• abb3w

    0, Ed Brayton:

    This particular strain of Islamists, like ISIS, believe they can “hasten the return of the promised one”, and usher in the literal end times.

    Uh, no. The Shiites who run Iran have very different beliefs than the Sunni ISIS.

    While they have considerably different beliefs, I think both the whackier Iranian Shiites and the Sunni Daesh subscribe to (two different) apocalyptic eschatologies that involve return/(re)emergence of a great Islamic leader who will do all sorts of awesome stuff – the “Madhi” or “12th Imam”. A quick Google suggests that Ayatollah Khamenei at least gives occasional lip service (EG).

    Contrariwise, the most credible source I can find with evidence to support that President Rohani subscribes to such eschatology is a WND link — which leaves me inclined to dismiss his tentative placement in that camp as bullshit, unless someone fluent in Arabic can use the screenshot they provide to verify the accuracy of the “special kindness of the Imam Zaman” translation and the idiomatic implications.

    Nohow, Glenn Beck seems to remain a bloviating ignorant imbicile… who still hasn’t responded to the rumors about his alleged felonious conduct back in 1990.

  • Holms

    #3

    Hey, you want to make an omelet, you have to break some egg shells.

    War crimes apologetics at its most glib, casually suggesting a few million murders with a quaint homily. Exemplary of the banality of evil.

  • lorn

    He gets a whole lot wrong, but that isn’t what bothers me. His mistakes, in this case, take the usual form and include the usual self-inflating conceits about how he has ‘done his homework’ — I guess he didn’t want to seem to lofty using the word “research”, as is his habit — while implying that his critics are both lazy and uninformed.

    Same shit, different day. Booooring.

    What bothers me about this is his use of the meme that Neville Chamberlain was complicit in the rise of Hitler. On first blush he seems to have appeased the NAZI party regime and potentially held off an attack by the western powers that might have smothered the regime in its cradle.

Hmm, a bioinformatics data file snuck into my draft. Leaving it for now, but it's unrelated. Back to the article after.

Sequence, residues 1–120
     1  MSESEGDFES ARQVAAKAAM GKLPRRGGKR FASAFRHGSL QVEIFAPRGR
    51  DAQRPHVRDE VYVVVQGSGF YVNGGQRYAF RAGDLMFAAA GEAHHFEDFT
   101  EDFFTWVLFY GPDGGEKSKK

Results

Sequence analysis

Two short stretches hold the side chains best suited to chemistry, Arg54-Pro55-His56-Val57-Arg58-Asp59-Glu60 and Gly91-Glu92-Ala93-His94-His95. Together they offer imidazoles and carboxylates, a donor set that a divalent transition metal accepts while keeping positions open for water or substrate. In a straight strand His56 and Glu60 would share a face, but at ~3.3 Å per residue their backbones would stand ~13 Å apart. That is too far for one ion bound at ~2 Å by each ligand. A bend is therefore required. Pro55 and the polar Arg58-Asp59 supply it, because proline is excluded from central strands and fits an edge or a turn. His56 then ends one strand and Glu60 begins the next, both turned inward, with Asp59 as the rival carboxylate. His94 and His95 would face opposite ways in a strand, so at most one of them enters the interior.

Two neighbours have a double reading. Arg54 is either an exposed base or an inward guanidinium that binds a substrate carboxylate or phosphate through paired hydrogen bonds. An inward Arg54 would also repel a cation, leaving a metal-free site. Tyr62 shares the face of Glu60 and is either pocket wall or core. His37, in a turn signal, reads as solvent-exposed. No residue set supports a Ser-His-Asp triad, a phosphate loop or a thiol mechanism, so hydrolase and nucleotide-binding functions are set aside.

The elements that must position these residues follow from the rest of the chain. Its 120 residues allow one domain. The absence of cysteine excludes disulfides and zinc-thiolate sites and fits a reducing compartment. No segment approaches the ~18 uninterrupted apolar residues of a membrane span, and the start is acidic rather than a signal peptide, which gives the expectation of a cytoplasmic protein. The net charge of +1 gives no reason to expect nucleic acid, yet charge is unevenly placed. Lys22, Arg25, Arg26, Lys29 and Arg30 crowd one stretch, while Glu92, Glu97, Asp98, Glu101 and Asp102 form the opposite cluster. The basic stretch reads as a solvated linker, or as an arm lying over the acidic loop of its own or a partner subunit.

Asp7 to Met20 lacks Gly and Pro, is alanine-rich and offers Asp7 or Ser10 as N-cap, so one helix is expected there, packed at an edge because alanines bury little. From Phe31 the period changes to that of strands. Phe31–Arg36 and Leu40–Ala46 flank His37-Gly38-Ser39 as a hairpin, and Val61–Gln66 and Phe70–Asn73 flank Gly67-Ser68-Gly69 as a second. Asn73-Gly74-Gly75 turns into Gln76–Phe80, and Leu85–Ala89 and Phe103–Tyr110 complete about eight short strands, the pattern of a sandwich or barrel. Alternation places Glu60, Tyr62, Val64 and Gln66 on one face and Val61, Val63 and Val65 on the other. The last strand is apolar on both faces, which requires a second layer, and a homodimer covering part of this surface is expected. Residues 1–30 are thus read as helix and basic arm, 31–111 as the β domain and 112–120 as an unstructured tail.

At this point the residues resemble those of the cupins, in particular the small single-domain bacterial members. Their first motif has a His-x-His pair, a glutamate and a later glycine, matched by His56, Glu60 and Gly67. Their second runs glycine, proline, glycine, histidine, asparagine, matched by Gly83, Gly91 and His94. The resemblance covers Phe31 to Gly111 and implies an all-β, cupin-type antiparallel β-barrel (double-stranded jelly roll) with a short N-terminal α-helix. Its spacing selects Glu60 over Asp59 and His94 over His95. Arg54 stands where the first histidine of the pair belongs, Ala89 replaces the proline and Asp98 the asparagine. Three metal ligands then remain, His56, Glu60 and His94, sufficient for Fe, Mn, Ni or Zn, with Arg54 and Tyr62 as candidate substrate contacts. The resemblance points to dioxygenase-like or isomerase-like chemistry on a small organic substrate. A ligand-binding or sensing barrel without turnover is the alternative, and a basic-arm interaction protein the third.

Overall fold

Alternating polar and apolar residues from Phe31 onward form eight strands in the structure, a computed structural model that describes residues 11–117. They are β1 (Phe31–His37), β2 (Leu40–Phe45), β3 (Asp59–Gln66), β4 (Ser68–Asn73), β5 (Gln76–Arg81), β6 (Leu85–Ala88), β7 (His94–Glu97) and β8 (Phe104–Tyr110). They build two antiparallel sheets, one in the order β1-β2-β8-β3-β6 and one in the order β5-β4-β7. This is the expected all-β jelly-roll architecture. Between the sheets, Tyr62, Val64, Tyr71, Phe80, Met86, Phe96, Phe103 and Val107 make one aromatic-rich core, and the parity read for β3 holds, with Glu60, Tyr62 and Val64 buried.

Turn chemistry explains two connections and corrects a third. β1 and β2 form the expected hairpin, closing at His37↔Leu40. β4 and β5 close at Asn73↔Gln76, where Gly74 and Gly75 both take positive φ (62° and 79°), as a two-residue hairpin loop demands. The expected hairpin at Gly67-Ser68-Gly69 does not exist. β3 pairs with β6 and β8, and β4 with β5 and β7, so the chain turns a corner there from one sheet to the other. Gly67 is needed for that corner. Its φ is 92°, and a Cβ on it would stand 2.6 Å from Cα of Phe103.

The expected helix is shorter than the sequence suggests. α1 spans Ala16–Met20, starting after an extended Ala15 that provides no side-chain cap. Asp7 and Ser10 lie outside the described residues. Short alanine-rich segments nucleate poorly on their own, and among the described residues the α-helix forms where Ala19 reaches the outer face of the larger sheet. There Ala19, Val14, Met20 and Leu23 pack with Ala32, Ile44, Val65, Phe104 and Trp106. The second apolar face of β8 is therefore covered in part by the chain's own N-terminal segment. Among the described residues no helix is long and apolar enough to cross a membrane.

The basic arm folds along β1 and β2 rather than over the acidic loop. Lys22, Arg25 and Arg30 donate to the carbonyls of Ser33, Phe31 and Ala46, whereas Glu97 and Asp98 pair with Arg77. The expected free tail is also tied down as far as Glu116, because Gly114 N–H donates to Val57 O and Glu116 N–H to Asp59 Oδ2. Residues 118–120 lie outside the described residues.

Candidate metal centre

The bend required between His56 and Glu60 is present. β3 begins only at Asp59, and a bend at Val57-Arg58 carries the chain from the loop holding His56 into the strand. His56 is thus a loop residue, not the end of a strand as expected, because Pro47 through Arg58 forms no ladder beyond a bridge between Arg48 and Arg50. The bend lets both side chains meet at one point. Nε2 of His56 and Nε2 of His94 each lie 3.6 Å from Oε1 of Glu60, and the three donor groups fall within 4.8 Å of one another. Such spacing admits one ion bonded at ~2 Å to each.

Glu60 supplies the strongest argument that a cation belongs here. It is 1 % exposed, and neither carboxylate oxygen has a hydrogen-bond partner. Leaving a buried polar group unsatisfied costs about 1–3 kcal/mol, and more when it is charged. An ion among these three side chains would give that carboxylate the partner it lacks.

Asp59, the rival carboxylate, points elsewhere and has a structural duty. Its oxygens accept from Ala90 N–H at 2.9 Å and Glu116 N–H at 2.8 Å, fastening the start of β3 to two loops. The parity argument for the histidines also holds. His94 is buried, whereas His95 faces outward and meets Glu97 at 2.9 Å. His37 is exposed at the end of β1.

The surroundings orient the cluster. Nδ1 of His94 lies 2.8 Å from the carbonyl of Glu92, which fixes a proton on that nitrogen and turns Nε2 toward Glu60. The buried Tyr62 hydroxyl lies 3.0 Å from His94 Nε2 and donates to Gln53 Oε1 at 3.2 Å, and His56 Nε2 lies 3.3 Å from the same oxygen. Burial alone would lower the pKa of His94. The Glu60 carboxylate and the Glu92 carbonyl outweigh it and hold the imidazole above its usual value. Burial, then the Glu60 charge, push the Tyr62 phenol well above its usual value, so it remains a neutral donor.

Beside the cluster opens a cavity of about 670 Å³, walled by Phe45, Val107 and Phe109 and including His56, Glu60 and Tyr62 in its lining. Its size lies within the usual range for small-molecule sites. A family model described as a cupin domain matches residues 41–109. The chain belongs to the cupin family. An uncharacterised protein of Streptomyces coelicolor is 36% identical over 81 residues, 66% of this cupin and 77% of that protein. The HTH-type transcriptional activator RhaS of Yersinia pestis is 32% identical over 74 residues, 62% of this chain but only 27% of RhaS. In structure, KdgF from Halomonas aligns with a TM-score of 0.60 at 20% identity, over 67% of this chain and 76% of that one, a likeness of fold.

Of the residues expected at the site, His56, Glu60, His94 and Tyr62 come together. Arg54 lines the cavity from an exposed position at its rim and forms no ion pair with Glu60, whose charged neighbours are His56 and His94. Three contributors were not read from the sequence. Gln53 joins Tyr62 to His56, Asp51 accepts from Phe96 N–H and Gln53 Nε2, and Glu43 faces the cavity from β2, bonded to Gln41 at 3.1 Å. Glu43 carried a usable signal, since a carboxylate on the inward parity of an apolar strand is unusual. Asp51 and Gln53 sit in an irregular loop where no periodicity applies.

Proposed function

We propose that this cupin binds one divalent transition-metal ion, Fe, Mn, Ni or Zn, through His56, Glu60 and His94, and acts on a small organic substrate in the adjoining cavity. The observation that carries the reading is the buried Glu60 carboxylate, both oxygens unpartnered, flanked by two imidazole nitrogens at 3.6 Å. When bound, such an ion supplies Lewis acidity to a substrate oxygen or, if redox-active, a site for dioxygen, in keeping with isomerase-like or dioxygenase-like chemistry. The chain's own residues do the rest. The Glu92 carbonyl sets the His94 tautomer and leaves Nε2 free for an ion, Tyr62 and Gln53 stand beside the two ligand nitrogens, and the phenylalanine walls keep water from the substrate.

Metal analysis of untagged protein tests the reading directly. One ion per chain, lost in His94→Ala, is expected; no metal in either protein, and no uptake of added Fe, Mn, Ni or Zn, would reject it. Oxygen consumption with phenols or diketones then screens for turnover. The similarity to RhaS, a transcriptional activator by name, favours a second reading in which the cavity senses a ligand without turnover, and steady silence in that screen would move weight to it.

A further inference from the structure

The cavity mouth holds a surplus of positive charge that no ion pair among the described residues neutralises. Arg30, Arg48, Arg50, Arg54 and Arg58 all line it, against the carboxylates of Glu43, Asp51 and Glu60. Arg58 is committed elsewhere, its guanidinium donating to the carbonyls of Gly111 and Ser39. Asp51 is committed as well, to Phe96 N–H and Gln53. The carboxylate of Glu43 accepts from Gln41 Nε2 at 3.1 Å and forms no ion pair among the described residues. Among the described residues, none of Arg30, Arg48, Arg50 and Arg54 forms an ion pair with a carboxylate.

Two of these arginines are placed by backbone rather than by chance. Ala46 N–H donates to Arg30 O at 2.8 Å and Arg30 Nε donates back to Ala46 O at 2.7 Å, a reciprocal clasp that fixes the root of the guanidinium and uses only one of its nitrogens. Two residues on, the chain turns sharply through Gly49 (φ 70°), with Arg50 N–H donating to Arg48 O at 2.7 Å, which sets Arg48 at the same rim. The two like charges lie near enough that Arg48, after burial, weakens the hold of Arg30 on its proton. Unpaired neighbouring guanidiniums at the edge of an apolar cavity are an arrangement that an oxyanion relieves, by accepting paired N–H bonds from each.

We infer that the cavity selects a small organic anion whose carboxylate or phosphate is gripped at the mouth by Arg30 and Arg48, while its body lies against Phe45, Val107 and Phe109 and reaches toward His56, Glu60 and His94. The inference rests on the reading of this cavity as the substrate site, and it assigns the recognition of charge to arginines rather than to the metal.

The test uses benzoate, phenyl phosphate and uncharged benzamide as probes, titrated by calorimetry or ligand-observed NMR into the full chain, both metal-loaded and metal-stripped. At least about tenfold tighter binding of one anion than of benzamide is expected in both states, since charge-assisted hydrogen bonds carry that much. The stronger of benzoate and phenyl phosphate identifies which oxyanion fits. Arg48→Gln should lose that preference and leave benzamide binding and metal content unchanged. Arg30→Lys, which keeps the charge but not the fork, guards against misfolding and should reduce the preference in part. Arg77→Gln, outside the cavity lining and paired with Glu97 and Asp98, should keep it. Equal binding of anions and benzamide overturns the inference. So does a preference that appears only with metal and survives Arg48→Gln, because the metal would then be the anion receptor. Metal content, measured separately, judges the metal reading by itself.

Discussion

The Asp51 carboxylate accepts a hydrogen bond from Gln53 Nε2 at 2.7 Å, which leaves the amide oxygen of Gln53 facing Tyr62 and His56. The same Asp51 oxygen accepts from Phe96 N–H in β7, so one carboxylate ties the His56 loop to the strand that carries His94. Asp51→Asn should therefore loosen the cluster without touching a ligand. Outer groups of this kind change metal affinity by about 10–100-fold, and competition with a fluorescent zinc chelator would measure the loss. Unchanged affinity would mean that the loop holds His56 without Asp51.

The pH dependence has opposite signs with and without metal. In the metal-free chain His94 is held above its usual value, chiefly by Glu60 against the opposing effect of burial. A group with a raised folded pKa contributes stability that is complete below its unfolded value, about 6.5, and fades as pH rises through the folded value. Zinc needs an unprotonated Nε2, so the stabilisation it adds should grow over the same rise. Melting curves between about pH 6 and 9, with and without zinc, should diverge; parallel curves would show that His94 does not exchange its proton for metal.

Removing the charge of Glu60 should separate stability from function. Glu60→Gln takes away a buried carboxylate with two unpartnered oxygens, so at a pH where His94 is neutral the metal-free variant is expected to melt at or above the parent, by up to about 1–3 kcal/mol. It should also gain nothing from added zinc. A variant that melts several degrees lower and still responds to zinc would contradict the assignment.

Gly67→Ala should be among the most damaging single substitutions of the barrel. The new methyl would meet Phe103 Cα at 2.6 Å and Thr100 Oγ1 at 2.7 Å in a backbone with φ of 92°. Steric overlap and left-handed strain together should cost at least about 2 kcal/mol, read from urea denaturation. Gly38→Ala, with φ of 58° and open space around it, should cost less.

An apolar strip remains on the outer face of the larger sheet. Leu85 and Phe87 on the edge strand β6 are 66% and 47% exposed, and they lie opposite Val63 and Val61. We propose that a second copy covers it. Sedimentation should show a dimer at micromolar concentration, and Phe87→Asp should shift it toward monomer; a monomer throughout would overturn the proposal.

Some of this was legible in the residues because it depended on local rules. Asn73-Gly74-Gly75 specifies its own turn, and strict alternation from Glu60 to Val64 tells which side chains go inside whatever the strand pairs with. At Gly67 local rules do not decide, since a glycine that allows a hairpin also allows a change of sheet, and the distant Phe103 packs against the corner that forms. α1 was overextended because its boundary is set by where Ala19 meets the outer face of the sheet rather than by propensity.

It is a nice story. A Just-So story that teaches the dangers of appeasement and the need to strike early. A sweetly packaged lesson laid out in clear and obvious terms. All well and good conventional wisdom. It is also largely wrong.

    Dig deeper and you find a lesson in real world politics and military power with Neville Chamberlain desperately trying to buy time even as he knew that what he did for the good of the world would mean he would be a laughing stock for all time.

    The claim that some power could have intervened just doesn’t wash. Which power or powers could have done it? At the time Russia was barely getting onto its feet after the one-two punch of WWI and a bloody revolution.

    France was not capable of substantial offensive actions because the male population of military age had been decimated. The motivation behind the massive investment in the Maginot Line was to make the much smaller army more effective in holding off German aggression.

    Britain had forces that were largely obsolete by that time but no way to get them to the landlocked area concerned. Yes, they could have invaded Germany. But this gets us to the other point, none of the major powers populations or politicians wanted a war. All of them had nearly drowned in the bloodbath that was WWI. Besides, WWI was “the war to end all wars” and there seemed a good chance that diplomacy and negotiation around trade could avert a war.

    This seemed more reasonable because Hitler had carefully groomed and flattered industrialists by telling them he would look out for them and that his words against them were just rhetoric necessary at the time. The duplicity was not one sided. The industrialists considered Hitler to be useful idiot who would help advance their cause against the unionists and communists. they were willing to overlook his extremist views and broad plans because they though that they could quickly and reliably withdraw their support and shut Hitler and his NASI part down. When the time came the levers of power and control had already been disconnected. The industrialist found that they had helped build a monster that they couldn’t control.